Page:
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Non-Patent Citations
Reference
1IBM Journal of Research and Development, vol. 24, No. 2, Mar. 1980 (New York), A. V. Brown: "An Overview of Josephson Packaging".
2 *IBM Journal of Research and Development, vol. 24, No. 2, Mar. 1980 (New York), A. V. Brown: An Overview of Josephson Packaging .
3 *Proceedings of the 8th International Cryogenic Engineering Conference, 3 6 Jun. 1980 (Genova), vol. ICEC 8, R. W. Guernsey, Jr.: Cryogenics for Superconducting Computers .
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Referenced by
Citing PatentFiling datePublication dateApplicantTitle
US4854419 *Dec 19, 1988Aug 8, 1989Lyras Louis GParticulate containment control method and platform device
US4864419 *Aug 4, 1987Sep 5, 1989Canon Kabushiki KaishaImage processing apparatus
US4950181 *Jul 28, 1988Aug 21, 1990Ncr CorporationRefrigerated plug-in module
US5132873 *Feb 28, 1991Jul 21, 1992Microelectronics And Computer Technology CorporationDiaphragm sealing apparatus
US5463872 *Sep 8, 1994Nov 7, 1995International Business Machines CorporationHigh performance thermal interface for low temperature electronic modules
US5465111 *Jun 12, 1992Nov 7, 1995Canon Kabushiki KaishaMethod and apparatus for correcting image formation using fuzzy logic
US6034787 *May 15, 1992Mar 7, 2000Canon Kabushiki KaishaImage processing apparatus having a high gradation mode and a high resolution mode of operation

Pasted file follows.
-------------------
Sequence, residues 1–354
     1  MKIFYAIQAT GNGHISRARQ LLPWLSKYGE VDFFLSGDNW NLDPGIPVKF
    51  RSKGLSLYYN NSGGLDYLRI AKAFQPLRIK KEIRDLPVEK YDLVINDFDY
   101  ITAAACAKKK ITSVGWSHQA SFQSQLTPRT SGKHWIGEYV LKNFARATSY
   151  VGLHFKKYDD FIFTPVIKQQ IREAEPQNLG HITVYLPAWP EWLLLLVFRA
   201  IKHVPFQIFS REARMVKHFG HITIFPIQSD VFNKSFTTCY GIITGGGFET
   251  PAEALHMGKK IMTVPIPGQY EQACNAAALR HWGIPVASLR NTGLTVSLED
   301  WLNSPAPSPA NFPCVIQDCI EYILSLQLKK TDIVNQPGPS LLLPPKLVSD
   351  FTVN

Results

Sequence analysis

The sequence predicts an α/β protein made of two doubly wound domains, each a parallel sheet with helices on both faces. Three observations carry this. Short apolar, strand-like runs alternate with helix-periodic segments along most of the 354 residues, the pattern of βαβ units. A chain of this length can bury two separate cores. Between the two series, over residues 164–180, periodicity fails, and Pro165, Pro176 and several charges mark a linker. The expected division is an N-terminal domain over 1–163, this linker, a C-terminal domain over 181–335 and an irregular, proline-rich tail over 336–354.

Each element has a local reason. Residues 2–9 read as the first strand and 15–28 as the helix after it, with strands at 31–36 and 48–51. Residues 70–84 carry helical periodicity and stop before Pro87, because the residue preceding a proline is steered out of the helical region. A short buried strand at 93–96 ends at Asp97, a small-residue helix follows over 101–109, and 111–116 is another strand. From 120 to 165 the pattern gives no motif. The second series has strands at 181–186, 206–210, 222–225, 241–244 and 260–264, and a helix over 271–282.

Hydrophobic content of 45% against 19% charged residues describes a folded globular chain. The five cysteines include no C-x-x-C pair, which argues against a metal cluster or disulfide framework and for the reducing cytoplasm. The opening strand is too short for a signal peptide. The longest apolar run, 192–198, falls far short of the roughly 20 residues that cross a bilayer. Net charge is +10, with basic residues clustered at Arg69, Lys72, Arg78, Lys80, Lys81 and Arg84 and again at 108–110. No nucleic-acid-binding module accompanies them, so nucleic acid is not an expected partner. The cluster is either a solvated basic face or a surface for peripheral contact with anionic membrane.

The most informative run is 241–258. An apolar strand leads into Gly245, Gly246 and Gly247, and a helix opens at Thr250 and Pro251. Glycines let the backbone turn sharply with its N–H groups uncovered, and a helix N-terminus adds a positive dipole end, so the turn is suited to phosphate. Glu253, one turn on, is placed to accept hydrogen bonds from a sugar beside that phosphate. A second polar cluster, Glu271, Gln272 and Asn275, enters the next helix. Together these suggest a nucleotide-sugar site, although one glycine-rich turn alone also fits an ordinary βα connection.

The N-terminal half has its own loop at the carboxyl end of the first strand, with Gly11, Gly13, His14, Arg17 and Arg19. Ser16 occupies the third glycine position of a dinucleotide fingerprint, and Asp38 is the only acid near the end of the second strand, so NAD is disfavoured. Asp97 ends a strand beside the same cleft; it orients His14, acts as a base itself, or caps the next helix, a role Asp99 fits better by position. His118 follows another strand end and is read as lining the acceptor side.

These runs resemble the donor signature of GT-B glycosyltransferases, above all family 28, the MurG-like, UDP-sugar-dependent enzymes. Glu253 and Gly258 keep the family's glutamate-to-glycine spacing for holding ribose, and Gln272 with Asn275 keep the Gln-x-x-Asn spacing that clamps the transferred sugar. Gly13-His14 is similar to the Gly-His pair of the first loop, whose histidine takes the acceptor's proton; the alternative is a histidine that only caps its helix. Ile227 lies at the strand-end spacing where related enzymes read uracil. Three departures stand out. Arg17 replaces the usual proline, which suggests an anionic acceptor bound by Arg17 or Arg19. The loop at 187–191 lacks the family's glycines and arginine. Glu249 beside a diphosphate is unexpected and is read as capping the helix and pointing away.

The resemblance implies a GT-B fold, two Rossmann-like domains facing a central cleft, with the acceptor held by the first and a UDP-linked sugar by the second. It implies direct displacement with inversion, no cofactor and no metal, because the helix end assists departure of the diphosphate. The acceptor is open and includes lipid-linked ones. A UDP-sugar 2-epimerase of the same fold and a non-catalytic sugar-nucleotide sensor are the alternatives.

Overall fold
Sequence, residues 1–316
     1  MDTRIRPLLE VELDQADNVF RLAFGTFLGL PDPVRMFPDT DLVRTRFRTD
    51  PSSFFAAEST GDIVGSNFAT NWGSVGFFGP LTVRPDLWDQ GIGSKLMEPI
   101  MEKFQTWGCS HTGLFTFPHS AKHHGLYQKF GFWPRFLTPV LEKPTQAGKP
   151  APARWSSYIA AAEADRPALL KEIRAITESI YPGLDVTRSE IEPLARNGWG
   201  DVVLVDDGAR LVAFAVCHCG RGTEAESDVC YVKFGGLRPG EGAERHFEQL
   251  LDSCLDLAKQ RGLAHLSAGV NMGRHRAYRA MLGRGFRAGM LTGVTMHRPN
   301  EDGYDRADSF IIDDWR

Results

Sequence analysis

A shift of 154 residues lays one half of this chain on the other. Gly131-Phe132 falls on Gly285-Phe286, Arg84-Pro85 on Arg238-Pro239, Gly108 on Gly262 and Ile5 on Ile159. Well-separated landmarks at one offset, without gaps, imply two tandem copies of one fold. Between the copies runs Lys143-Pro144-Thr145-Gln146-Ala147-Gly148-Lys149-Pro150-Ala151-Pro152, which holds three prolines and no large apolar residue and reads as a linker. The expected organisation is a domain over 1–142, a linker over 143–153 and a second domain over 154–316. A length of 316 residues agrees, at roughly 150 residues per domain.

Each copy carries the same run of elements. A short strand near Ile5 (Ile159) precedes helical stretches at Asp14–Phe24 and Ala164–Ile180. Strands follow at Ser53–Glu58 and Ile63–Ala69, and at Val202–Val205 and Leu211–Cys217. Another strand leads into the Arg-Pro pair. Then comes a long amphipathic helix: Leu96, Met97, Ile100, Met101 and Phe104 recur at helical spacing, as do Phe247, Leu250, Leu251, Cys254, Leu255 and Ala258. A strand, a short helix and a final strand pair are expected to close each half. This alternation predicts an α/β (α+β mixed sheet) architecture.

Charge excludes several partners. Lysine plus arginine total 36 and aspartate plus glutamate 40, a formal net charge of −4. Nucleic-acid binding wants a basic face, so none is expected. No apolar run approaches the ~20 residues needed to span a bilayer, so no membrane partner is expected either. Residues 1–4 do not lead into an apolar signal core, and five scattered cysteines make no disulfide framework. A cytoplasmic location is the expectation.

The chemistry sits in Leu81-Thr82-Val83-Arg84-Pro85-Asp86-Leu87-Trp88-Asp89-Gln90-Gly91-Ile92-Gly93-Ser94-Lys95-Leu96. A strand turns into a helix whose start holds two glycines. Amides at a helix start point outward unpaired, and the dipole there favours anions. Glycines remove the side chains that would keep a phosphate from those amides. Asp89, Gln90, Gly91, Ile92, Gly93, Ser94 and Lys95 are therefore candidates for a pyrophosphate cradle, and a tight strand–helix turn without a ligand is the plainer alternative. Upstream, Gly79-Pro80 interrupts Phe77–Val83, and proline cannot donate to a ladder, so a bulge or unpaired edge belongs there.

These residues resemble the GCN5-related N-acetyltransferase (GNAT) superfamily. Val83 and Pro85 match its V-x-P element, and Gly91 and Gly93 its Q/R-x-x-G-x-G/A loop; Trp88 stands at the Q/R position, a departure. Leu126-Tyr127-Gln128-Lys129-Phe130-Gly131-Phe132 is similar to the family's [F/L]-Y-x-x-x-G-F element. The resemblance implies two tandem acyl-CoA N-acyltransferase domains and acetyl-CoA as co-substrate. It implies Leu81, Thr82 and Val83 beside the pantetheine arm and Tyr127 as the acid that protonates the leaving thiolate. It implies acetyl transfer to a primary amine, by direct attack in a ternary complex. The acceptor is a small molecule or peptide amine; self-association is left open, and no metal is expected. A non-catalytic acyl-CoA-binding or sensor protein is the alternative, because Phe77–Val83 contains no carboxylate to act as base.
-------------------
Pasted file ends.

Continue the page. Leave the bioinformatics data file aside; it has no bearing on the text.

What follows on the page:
US6192701Aug 23, 1999Feb 27, 2001International Business Machines CorporationSealed multi-chip module cooling system
US6629425Jul 23, 2001Oct 7, 2003Micron Technology, Inc.MEMS heat pumps for integrated circuit heat dissipation
US7084004Aug 12, 2003Aug 1, 2006Micron Technology, Inc.MEMS heat pumps for integrated circuit heat dissipation
US7107777Aug 12, 2003Sep 19, 2006Micro Technology, Inc.MEMS heat pumps for integrated circuit heat dissipation
US20040031281 *Aug 12, 2003Feb 19, 2004Venkateshwaran VaiyapuriMEMS heat pumps for integrated circuit heat dissipation
US20040031594 *Aug 12, 2003Feb 19, 2004Venkateshwaran VaiyapuriMEMS heat pumps for integrated circuit heat dissipation
US20060189022 *Apr 24, 2006Aug 24, 2006Venkateshwaran VaiyapuriMEMS heat pumps for integrated circuit heat dissipation
US20060236710 *Jun 20, 2006Oct 26, 2006Venkateshwaran VaiyapuriMEMS heat pumps for integrated circuit heat dissipation
US20060236711 *Jun 20, 2006Oct 26, 2006Venkateshwaran VaiyapuriMEMS heat pumps for integrated circuit heat dissipation
DE10032050A1 *Jul 5, 2000Jan 17, 2002Porextherm Daemmstoffe GmbhKühlvorrichtung für Computer
Classifications
U.S. Classification257/716, 257/E23.096, 257/741
International ClassificationH01L23/44, F17C13/00, H01L39/04
Cooperative ClassificationH01L23/445, H01L2924/0002
European ClassificationH01L23/44C
Legal Events
DateCodeEventDescription
May 7, 1987ASAssignment
Owner name: NCR CORPORATION, DAYTON, OHIO, A CORP. OF MARYLAND
Free format text: ASSIGNMENT OF ASSIGNORS INTEREST.;ASSIGNORS:SANWO, IKUO J.;MILBY, GREGORY H.;REEL/FRAME:004712/0466
Effective date: 19870429
Feb 27, 1992FPAYFee payment
Year of fee payment: 4
Apr 28, 1996FPAYFee payment
Year of fee payment: 8
Apr 6, 2000FPAYFee payment
Year of fee payment: 12
Dec 10, 2004ASAssignment
Owner name: STEINMETZ ELECTRICAL LLC, CALIFORNIA
Free format text: ASSIGNMENT OF ASSIGNORS INTEREST;ASSIGNOR:NCR CORPORATION;REEL/FRAME:015428/0845
Effective date: 20040623